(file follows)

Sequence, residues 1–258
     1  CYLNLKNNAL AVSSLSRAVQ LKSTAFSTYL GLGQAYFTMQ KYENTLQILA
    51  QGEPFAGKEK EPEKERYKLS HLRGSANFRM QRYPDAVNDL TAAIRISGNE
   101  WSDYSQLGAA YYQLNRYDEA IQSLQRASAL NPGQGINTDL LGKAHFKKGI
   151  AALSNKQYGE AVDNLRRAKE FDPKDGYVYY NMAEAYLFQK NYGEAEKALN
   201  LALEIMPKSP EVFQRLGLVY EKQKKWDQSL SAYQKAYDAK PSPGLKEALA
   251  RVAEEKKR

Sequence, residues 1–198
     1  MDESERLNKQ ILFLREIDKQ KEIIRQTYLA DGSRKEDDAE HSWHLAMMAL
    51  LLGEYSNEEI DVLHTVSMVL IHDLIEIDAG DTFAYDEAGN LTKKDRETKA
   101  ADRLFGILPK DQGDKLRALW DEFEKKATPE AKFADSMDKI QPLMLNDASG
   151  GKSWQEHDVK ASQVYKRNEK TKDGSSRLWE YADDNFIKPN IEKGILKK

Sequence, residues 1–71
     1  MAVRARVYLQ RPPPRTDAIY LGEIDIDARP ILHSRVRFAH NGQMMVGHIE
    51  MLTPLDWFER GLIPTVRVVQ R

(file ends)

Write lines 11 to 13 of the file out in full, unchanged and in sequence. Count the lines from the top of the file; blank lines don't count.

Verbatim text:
   101  ADRLFGILPK DQGDKLRALW DEFEKKATPE AKFADSMDKI QPLMLNDASG
   151  GKSWQEHDVK ASQVYKRNEK TKDGSSRLWE YADDNFIKPN IEKGILKK

Sequence, residues 1–71